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28 October
Comments Off on Dating advice for entrepreneurs

Dating advice for entrepreneurs

Spend any time on an internet dating site and you will immediately recognise the experienced prospects. They’re the ones who, in addition to outlining a few key details about themselves, will also state what they are (or aren’t) looking for in a potential partner.

Entrepreneurs looking for investors need to use the same approach. Money may be a focus in many cases but, as with relationships, it’s the other traits that bring value to the partnership and make it last.

When my brother Gabby and I started CatchOfTheDay we had a profitable venture so weren’t actually looking for an investor. We had a good-looking business, though, and people quickly become interested in us. So it wasn’t long before we started receiving a lot of courting knocks from interested parties, local and international venture capitalists, private and public companies, high net worth families and wealthy individuals.

There were lots of first dates. It was an honour to be invited for lunches and coffee with people we had only read about in magazines. However, as meeting after meeting passed, I started to question why we were on the investor dating market at all. We had the funds needed for our projected growth, so we didn’t need an investor. Or so we thought.

As with many wonderful relationships, our current partner Tiger Global was introduced to us through a mutual friend. At first we were reluctant to meet yet another international venture capitalist that wanted to offer us a ‘loan’ and considered cancelling. In a moment that changed our future, we decided to go after all, out of respect. I’m glad we did. I compare that meeting to the perfect date, finding simpatico with someone who understood us, where we’ve come from, our challenges and goals. Tiger Global had been on many similar journeys and shared our long-term vision, plus had the skills, resources, network and passion to help us materialise that vision. I saw a relationship where the partnership was more than the sum of its parts.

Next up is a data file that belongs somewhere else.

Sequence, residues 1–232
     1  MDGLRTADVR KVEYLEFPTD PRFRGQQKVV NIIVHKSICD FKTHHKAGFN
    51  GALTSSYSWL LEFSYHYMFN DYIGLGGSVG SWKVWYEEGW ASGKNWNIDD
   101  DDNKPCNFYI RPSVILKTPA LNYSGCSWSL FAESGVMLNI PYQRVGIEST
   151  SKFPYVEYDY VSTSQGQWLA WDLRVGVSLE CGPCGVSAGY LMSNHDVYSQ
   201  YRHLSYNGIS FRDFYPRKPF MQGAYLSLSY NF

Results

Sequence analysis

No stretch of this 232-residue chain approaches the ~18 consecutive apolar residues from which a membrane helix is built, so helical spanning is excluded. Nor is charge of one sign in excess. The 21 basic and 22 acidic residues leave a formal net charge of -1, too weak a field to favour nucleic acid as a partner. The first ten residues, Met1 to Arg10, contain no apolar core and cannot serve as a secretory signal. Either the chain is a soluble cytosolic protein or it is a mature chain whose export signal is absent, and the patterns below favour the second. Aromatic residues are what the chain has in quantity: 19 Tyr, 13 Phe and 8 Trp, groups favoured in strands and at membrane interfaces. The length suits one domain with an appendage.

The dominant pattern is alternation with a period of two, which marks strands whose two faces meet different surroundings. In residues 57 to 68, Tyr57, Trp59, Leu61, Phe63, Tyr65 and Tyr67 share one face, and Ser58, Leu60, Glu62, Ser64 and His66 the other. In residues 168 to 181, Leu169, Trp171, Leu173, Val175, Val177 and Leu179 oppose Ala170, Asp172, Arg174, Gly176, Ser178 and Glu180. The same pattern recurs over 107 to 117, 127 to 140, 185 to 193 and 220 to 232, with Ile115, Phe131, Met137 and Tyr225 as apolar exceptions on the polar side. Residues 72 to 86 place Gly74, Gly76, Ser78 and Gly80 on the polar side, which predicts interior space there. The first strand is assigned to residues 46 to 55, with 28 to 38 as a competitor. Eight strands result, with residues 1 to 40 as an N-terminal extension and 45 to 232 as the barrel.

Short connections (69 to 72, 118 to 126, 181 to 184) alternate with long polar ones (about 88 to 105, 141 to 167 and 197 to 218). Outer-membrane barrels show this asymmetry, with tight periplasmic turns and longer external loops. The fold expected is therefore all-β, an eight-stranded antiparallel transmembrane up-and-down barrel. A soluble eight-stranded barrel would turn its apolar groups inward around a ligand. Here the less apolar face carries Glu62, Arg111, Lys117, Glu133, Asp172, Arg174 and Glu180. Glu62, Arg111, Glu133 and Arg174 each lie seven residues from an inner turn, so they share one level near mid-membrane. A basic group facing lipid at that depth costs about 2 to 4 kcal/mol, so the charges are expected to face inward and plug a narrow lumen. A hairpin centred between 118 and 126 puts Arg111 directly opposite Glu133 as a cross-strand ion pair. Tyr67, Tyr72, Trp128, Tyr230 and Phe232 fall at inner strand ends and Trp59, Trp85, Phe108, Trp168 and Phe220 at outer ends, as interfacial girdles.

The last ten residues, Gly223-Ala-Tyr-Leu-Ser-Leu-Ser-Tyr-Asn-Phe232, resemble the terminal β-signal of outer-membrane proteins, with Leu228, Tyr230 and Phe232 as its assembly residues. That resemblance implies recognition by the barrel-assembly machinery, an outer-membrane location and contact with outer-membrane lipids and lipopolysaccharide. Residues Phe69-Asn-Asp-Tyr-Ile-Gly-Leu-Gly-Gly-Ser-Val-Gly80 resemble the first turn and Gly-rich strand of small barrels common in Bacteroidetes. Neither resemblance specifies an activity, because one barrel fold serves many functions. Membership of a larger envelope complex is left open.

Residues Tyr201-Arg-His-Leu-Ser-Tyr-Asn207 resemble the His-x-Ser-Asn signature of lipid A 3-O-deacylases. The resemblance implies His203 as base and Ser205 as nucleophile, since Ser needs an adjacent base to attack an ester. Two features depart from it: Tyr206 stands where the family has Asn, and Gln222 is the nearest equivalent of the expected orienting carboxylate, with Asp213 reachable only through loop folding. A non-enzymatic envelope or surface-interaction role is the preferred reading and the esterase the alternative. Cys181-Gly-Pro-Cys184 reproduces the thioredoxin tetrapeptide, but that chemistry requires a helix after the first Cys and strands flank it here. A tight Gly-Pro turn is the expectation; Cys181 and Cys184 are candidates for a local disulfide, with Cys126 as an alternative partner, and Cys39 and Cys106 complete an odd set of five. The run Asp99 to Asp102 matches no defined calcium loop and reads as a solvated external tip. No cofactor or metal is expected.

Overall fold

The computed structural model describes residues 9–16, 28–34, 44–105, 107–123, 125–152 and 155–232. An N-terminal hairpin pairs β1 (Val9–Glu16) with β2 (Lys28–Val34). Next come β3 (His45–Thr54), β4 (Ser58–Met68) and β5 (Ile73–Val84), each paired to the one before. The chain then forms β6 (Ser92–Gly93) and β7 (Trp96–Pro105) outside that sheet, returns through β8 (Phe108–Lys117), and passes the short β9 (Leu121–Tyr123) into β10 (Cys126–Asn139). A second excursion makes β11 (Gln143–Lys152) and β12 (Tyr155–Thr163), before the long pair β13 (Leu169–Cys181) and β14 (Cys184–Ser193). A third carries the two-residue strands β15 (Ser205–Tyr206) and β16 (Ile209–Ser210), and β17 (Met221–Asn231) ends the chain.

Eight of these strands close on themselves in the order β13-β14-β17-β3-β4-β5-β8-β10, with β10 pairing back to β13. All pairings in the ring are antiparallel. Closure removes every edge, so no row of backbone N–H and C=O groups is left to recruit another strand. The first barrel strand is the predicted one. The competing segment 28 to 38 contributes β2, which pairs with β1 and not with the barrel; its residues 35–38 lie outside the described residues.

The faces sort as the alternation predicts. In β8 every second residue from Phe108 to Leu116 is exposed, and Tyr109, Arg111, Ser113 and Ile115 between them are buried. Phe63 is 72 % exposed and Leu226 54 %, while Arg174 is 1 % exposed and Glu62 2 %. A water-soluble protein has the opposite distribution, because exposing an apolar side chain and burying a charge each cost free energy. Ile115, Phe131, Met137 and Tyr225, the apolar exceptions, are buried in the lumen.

Tiger Global then introduced us to other like-minded individuals and companies and together they invested in our company. Two years and $80 million later, the investors have delivered everything they promised, providing insights, expertise, ideas, connections and motivation. The relationship has gone from strength to strength.

In this regard, the entrepreneur’s saying that success often comes from the right kind of failure is true. My brother and I learnt from all those failed dates – the coffees, lunches and the couple of boat rides we enjoyed – that there are many different types of investors, each with their own unique personalities, skills, networks, interests and intentions. We came to understand that to form a successful partnership with an investor we would need to find someone whose vision and interests were aligned to ours. Fortunately we persevered to find that ‘special someone’.

The Catch Group has now become an investor in three businesses over the last 12 months: vinomofo苏州美甲美睫培训, mumgo苏州美甲美睫培训.au and eatnow苏州美甲美睫培训.au. The criteria for partnership? Passionate founders with a firm vision and interests that aligned to ours. We in turn provided these founders with knowledge, experience, resources and the funding they needed to succeed, all of which I believe contributes to a solid relationship.

Questions to ask yourself on a date with an investor.

Personal: Do I like them? Can I work with them in the longer term?

Trust: Do I trust them? Do I respect their opinion, even if I don’t agree with it?

Reputation: What do I know about them? What are the reports from the people who have worked with them? Do they have a good reputation with the people I know/respect?

Financial strength: Do they have a track record of delivering what they promise?

Commitment: Are they fly-by-nighters investing in a trend, or do they believe in my business enough to stay with me through the tough times?

Knowledge: Do they understand my objectives, my goals? Other than funds, do they have something that I want/need?